Over the past year, I've visited quite a few Illinois hog farms. The hog business has been a money-losing proposition for about two years now. Each time I visit one, I always expect a plethora of grim faces. Luckily, that's hardly ever the case.
Last week, I visited one of the farmers caught up in the Meadowbrook Farms situation. Meadowbrook is a farmer-owned coop, with a pork packing facility in Rantoul. Recently, the company idled the Rantoul plant. Many do not expect it to reopen.
Most of the approximately 100 farmer/owners are still owed for hogs that were delivered. Not to mention, their shares are now worthless. One of the farmers I visited with estimated his losses at seven figures. Despite his misfortune, he was all smiles the day I visited.
Near the end of the visit, I finally asked, "How can you be so upbeat?" He smiled and said, "Well, there's one thing you have to understand about the livestock business, it's very cyclical." He went on to explain that when times are good, he stockpiles inputs and makes infrastructure improvements. When times are bad, he only buys what he absolutely needs.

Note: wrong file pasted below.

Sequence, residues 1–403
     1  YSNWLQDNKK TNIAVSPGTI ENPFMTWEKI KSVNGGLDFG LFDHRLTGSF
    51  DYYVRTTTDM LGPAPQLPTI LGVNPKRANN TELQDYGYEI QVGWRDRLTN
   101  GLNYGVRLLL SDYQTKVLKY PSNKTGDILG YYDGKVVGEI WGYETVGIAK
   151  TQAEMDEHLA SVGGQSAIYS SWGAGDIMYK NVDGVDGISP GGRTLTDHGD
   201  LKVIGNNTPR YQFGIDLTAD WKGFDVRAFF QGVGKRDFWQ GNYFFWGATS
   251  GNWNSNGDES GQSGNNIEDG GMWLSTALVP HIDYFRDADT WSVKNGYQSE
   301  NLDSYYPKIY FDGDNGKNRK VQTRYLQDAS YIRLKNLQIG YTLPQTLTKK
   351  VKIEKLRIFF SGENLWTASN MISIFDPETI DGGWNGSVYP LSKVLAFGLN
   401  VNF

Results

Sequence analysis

He said the toughest part is finding a banker who will remain cool in the face of adversity. In fact, he's having a tough time convincing bankers that things will turn around. And the current economy isn't helping his case.
With 50+ years of farming experience, I think he knows what he's talking about. I only hope it didn't take him 50 years to realize this. It would appear the earlier a hog farmer realizes this, the more heartache he could save himself.